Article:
Frustrated and angry, unable to fight a conventional war, the Palestinians resort to what we call terrorism.

The world does not care even when Israel breaks international laws, seizing ships carrying medicine, food and building materials in international waters. The Palestinians fired ineffective rockets which hurt no one. Massive retaliations were mounted by Israel, rocketing and bombing hospitals, schools and other buildings, killing innocent civilians including school children and hospital patients. And more.

The world rewards Israel, deliberately provoking Palestine by recognising Jerusalem as the capital of Israel.

It is the anger and frustration of the Palestinians and their sympathisers that cause them to resort to what we call terrorism. But it is important to acknowledge that any act which terrify people also constitute terrorism. And states dropping bombs or launching rockets which maim and kill innocent people also terrify people. These are also acts of terrorism.

Malaysia hates terrorism. We will fight them. But we believe that the only way to fight terrorism is to remove the cause. Let the Palestinians return to reclaim their land. Let there be a state of Palestine. Let there be justice and the rule of law. Warring against them will not stop terrorism. Nor will out-terrorising them succeed.

We need to remind ourselves that the United Nations Organisation, like the League of Nations before, was conceived for the noble purpose of ending wars between nations.

Wars are about killing people. Modern wars are about mass killings and total destruction countrywide. Civilised nations claim they abhor killing for any reason. When a man kills, he commits the crime of murder. And the punishment for murder may be death.

But wars, we all know encourage and legitimise killing. Indeed the killings are regarded as noble, and the killers are hailed as heroes. They get medals stuck to their chest and statues erected in their honour, have their names mentioned in history books.

There is something wrong with our way of thinking, with our value system. Kill one man, it is murder, kill a million and you become a hero. And so we still believe that conflict between nations can be resolved with war.

And because we still do, we must prepare for war. The old adage says "to have peace, prepare for war". And we are forever preparing for war, inventing more and more destructive weapons. We now have nuclear bombs, capable of destroying whole cities. But now we know that the radiation emanating from the explosion will affect even the country using the bomb. A nuclear war would destroy the world.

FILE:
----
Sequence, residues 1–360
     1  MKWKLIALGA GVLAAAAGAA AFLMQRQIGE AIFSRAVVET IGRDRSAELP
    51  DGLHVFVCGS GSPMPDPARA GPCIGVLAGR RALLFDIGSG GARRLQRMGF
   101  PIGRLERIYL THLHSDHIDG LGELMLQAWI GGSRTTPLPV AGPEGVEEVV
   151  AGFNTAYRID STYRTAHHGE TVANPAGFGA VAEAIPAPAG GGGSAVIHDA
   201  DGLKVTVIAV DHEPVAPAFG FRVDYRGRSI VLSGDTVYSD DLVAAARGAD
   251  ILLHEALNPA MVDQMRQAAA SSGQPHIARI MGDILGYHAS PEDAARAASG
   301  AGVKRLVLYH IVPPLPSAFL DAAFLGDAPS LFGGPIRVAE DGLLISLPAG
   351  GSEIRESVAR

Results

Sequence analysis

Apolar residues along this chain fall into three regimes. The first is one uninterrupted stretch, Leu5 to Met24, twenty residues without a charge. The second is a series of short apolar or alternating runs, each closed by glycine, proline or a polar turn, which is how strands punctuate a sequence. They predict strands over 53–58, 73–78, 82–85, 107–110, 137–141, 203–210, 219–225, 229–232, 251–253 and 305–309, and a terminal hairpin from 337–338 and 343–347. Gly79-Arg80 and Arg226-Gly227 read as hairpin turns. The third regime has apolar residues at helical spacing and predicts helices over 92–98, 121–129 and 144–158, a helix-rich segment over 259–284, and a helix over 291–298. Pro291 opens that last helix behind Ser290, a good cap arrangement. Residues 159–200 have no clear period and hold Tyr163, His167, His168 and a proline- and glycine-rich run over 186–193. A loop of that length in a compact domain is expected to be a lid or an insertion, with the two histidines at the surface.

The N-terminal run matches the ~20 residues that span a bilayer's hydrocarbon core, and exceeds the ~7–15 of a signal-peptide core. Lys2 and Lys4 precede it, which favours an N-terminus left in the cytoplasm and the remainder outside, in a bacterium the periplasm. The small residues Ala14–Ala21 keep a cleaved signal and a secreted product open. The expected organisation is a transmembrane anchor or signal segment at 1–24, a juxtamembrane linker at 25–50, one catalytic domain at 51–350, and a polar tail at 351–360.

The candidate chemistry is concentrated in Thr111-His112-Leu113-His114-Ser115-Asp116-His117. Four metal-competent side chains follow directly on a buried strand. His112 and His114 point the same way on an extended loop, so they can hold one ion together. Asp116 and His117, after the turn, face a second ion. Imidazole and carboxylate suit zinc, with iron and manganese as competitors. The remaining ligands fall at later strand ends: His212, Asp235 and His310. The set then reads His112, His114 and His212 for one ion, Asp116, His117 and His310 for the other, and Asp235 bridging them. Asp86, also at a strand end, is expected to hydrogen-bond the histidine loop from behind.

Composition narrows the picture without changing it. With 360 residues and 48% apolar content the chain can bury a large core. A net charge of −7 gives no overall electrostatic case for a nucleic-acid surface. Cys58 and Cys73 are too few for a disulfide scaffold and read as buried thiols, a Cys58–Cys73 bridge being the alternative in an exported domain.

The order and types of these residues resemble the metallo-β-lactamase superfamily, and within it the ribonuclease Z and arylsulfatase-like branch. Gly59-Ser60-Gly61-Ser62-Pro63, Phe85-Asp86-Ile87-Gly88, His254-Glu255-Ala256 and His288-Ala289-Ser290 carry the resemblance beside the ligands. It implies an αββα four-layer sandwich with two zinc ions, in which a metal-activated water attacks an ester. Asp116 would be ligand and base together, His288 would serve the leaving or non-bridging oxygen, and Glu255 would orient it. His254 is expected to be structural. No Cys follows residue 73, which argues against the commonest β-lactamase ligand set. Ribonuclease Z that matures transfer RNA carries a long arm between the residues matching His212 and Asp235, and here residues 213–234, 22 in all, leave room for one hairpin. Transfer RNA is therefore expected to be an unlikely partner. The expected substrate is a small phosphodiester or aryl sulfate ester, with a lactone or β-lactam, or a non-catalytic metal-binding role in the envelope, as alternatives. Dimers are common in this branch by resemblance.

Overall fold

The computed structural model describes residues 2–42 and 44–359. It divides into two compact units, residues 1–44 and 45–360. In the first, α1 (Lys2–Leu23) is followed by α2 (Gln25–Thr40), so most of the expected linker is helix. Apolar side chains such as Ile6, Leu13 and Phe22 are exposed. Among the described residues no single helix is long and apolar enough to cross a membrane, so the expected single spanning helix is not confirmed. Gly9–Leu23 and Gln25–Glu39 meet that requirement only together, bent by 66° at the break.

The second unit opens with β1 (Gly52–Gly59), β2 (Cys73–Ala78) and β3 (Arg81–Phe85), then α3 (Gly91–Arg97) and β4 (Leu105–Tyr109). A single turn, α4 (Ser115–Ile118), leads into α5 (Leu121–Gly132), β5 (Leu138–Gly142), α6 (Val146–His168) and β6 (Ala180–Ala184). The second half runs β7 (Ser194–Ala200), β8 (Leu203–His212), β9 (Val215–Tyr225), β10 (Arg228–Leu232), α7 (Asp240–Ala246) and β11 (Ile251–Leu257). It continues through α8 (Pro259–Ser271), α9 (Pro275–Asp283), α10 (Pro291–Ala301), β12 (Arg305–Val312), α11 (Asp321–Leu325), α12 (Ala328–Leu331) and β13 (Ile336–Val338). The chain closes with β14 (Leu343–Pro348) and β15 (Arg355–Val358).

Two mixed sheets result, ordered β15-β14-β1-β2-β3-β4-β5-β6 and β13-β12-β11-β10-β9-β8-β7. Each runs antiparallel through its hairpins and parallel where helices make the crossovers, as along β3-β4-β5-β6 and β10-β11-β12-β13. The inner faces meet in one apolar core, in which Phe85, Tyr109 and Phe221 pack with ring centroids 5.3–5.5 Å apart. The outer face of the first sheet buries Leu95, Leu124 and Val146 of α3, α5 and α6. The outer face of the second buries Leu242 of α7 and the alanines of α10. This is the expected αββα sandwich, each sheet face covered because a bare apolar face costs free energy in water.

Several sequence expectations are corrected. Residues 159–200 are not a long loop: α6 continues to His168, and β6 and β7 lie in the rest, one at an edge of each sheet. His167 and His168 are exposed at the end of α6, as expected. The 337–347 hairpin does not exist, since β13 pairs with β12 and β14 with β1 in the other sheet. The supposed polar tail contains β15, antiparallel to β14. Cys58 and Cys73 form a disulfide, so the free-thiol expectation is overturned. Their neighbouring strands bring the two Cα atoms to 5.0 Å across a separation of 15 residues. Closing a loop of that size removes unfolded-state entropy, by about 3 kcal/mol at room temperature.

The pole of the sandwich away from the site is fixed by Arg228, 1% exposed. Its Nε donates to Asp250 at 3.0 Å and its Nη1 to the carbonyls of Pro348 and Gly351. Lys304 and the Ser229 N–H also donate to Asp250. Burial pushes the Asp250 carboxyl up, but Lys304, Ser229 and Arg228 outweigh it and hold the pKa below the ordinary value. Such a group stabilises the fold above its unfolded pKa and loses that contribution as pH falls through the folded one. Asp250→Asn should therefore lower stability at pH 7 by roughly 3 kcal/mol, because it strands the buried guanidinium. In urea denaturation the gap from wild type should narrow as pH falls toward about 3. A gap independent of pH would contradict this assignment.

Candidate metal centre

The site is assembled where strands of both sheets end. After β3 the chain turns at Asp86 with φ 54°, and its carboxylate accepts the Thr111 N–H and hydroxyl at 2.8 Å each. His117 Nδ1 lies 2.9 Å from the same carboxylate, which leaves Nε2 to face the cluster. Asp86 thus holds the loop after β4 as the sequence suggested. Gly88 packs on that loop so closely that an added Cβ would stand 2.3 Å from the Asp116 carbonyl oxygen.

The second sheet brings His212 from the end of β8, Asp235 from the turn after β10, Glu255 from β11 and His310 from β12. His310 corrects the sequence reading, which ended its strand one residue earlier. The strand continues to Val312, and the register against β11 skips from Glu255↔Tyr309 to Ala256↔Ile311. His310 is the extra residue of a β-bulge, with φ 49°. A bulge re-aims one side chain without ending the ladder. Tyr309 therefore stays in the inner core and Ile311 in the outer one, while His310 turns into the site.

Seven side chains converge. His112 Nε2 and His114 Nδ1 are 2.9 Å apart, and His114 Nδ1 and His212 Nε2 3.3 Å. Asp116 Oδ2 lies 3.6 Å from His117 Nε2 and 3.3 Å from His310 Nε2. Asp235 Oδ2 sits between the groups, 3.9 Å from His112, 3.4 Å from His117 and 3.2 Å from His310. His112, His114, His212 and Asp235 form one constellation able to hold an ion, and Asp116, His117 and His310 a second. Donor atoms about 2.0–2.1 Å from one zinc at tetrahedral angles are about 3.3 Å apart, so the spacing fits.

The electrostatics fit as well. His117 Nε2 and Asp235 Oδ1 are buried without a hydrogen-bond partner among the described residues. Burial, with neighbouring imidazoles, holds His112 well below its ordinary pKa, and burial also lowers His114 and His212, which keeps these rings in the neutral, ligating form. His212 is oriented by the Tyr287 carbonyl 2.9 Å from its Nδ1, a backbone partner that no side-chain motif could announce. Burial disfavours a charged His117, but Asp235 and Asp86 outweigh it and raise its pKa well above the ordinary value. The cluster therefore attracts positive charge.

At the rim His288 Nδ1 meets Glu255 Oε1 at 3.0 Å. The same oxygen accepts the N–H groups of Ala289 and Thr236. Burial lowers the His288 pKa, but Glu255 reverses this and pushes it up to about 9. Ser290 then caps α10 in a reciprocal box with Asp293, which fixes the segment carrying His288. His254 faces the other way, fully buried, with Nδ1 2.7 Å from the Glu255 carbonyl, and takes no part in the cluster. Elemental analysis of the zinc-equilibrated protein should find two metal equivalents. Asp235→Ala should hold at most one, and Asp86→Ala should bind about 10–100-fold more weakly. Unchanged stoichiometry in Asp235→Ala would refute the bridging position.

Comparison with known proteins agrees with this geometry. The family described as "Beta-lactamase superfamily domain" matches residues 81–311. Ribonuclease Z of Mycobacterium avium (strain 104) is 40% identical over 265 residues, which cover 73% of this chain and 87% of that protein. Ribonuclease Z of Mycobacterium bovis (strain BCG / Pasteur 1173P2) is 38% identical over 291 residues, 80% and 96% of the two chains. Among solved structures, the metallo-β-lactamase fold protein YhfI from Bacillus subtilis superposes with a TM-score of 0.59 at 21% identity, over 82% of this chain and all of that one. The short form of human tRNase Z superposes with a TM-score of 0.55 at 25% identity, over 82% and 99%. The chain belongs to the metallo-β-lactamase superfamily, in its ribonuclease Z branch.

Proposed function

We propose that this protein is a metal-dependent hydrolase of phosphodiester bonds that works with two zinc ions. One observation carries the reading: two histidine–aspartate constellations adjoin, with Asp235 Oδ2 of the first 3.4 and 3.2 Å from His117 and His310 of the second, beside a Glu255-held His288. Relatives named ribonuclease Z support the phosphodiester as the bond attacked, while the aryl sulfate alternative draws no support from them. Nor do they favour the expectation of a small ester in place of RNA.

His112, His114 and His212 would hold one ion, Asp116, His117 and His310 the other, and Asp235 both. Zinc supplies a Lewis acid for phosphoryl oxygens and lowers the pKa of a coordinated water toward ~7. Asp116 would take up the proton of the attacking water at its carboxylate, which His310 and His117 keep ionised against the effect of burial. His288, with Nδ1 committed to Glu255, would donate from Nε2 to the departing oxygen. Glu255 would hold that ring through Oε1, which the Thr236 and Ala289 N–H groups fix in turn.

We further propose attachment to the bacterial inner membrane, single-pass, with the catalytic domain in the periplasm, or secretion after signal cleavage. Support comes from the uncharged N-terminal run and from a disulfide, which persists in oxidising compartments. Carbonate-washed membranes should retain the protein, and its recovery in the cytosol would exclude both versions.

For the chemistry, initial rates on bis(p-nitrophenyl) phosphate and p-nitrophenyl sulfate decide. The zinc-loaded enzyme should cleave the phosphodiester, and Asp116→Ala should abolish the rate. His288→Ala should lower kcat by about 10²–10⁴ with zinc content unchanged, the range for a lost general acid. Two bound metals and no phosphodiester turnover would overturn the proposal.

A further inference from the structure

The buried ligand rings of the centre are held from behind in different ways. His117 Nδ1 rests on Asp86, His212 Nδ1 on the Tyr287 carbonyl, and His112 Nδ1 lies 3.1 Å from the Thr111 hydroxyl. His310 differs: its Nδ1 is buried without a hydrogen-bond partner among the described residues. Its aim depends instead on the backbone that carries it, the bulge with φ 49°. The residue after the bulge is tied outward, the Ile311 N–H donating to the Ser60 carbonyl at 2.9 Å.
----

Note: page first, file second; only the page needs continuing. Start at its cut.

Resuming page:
This fear has caused the countries of Europe and North America to maintain peace for over 70 years. But that is not for other countries. Wars in these other countries can help live test the new weapons being invented.

And so they sell them to warring countries. We see their arms in wars fought between smaller countries. These are not world wars but they are no less destructive. Hundreds of thousands of people have been killed, whole countries devastated and nations bankrupted because of these fantastic new weapons.

But these wars give handsome dividends to the arms manufacturers and traders. The arms business is now the biggest business in the world. They profit shamelessly from the deaths and destructions they cause. Indeed, so-called peace-loving countries often promote this shameful business.

Today's weapons cost millions. Fighter jets cost about 100 million dollars. And maintaining them cost tens of millions. But the poor countries are persuaded to buy them even if they cannot afford. They are told their neighbours or their enemies have them. It is imperative that they too have them.

So, while their people starve and suffer from all kinds of deprivations, a huge percentage of their budget is allocated to the purchase of arms. That their buyers may never have to use them bothers the purveyors not at all.

Madam President,

In Myanmar, Muslims in Rakhine state are being murdered, their homes torched and a million refugees had been forced to flee, to drown in the high seas, to live in makeshift huts, without water or food, without the most primitive sanitation. Yet the authorities of Myanmar including a Nobel Peace Laureate deny that this is happening. I believe in non-interference in the internal affairs of nations. But does the world watch massacres being carried out and do nothing? Nations are independent. But does this mean they have a right to massacre their own people, because they are independent?